This wagon borrows most of its hardware and trim from the basic Diamante ES sedan (now only available for fleet sales). Power is supplied by a V6 engine rated at 175 hp with a 4-speed electronically controlled automatic transmission. Traction control is available in the LS sedan, but it's not offered here.

Front suspension, steering and brakes are also the same as the ES sedan. Only the rear suspension was designed especially for the wagon: It's a beam-axle design to keep the load floor as low as possible.

Interior Features

From first glance, the interior of our Diamante test wagon impressed us. Every detail seems to have been worked out with special care, from the shape of the door handles to the sweeping curve of the dashboard. The overall impression is one of solidity and quality.

Even the wood accents, which many manufacturers tend to cover with overly glossy clearcoat, are muted.

Lots of comfort is included on the Diamante menu as well. There's room for five on front bucket and rear bench seats, though the three in back should be good friends. The driver and front-seat passenger are each protected by an airbag.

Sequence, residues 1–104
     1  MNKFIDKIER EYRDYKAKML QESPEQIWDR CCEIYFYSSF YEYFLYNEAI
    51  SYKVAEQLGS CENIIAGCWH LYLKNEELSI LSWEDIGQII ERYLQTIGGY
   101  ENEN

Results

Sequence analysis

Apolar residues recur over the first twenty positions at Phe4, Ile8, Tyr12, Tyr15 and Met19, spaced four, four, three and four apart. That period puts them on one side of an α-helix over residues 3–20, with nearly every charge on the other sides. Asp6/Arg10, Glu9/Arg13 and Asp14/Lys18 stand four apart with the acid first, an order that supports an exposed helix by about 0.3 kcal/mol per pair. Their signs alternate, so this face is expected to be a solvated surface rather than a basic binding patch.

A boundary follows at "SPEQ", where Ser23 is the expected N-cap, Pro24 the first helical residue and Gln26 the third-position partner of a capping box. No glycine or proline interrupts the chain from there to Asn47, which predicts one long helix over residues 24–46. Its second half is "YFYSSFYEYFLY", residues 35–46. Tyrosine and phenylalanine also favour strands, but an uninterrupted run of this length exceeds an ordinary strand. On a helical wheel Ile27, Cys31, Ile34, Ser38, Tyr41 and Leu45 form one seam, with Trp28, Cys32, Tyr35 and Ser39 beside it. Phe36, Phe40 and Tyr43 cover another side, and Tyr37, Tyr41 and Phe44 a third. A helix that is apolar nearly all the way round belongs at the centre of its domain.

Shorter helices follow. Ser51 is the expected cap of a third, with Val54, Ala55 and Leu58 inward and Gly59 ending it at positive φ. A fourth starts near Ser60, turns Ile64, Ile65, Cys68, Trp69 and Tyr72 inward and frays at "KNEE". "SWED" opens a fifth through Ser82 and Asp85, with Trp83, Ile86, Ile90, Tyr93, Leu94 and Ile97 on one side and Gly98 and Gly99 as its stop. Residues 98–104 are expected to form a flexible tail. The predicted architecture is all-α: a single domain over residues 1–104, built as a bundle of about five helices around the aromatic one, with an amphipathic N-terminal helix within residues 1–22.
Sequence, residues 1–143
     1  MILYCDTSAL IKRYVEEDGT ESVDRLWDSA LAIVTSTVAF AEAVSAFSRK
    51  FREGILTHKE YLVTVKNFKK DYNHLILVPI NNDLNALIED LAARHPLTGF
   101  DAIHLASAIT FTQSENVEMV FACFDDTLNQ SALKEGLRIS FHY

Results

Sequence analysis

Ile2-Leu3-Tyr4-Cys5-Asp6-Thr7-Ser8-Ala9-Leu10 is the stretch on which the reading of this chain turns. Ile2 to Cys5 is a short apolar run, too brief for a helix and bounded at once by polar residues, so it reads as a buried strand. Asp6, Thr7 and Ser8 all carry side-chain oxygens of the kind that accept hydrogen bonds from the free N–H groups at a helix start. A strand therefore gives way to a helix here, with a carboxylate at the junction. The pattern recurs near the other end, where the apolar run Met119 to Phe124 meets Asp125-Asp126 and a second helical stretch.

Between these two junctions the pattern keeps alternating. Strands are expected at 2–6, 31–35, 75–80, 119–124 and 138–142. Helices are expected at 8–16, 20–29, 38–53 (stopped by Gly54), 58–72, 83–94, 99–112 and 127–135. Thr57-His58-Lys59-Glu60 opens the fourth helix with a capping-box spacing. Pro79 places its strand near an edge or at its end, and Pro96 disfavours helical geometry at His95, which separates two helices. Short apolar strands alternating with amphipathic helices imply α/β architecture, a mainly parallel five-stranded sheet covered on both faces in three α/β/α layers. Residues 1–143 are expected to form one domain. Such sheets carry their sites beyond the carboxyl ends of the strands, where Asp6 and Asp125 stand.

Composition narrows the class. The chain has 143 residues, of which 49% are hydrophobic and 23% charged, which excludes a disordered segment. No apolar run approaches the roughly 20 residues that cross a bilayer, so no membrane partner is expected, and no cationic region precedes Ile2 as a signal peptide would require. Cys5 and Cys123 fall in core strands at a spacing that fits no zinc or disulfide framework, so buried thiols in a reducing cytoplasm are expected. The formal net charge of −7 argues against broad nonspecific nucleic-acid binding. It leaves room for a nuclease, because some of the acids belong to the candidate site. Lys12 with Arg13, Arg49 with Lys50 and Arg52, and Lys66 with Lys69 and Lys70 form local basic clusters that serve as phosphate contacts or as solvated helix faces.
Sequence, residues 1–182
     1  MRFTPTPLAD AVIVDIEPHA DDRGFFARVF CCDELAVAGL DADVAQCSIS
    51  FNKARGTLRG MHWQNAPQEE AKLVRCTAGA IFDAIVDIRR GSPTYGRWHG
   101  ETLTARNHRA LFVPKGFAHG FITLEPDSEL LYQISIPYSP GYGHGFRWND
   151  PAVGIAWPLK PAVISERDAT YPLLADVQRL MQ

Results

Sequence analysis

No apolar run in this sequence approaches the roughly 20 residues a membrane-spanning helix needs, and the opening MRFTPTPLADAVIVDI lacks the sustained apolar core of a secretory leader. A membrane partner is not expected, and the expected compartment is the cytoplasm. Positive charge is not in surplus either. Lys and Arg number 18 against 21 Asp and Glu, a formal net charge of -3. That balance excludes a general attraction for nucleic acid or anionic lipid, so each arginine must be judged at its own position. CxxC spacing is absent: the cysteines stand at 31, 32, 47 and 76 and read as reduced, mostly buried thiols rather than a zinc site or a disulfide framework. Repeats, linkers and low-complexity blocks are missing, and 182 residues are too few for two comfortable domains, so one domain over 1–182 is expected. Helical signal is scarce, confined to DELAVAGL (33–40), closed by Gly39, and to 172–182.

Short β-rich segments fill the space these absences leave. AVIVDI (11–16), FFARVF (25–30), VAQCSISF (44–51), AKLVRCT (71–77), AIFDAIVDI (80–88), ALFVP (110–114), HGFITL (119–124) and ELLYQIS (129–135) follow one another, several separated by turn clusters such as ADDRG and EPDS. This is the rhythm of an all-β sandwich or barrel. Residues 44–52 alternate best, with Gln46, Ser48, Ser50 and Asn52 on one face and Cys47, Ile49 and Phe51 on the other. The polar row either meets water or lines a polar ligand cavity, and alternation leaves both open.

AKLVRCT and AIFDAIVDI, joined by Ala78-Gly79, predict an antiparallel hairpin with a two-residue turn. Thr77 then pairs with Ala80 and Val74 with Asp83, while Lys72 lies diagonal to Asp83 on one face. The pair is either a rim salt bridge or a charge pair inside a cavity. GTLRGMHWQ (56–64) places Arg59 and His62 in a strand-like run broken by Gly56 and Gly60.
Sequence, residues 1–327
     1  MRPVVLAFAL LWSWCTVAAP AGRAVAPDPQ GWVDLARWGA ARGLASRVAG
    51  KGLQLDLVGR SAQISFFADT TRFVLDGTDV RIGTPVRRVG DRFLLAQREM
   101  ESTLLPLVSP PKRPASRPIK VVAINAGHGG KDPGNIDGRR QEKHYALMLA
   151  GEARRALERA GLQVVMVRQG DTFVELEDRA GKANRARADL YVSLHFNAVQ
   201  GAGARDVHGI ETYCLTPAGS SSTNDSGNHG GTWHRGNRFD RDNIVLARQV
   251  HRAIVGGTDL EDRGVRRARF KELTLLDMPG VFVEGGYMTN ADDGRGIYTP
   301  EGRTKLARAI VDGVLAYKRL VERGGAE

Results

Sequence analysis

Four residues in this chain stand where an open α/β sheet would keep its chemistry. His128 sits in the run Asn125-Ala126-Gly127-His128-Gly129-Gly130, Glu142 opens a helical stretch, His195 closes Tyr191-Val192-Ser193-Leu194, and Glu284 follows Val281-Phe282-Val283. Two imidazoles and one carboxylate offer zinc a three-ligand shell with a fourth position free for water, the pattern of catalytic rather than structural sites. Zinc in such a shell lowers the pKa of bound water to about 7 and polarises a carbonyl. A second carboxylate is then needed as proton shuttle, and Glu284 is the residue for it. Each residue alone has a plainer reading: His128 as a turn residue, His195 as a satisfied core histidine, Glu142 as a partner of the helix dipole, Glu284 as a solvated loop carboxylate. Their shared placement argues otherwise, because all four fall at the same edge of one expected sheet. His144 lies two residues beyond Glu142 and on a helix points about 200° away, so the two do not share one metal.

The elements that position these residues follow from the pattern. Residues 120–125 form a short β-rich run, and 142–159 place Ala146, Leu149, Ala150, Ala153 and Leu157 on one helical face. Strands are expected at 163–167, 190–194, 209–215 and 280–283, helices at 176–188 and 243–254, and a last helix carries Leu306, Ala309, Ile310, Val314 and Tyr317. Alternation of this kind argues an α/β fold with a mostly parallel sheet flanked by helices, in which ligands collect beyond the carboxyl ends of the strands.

Automatic climate control is standard, as is almost every power assist one might reasonably ask for, with only power adjustment of the driver's seat relegated to the options list as part of a leather upholstery package.

The driver's environment was designed with comfort in mind. A height-adjustable steering wheel is standard, instruments are large and clearly marked (though one might expect more than the basic speedometer, tachometer, fuel and temperature gauges in a $30,000 car), and all controls are logically placed for optimum access. Visibility is good, thanks to an abundance of glass and thin roof pillars.

In keeping with the Diamante's luxury status, an excellent sound system serves as standard equipment. The AM/FM/cassette system offers up seven well-placed speakers and controls mounted on the steering wheel. Diamante's only audio option is a single-disc CD player.

Only a couple of interior details could stand improvement: Long-legged occupants may wish for a little more thigh support from the front-seat cushions, and the climate-control system would benefit greatly from some simplification of its dials and buttons. Everything else was more than acceptable as is.

Driving Impressions

Based on looks alone, you might expect the Diamante Wagon to be a most competent touring car. That's exactly what it is.

On the road, our Diamante's biggest asset was its refinement. The engine was smooth and virtually inaudible at most operating speeds. The transmission's performance was equally seamless: It shifted with uncanny precision, constantly adjusting to suit driving conditions.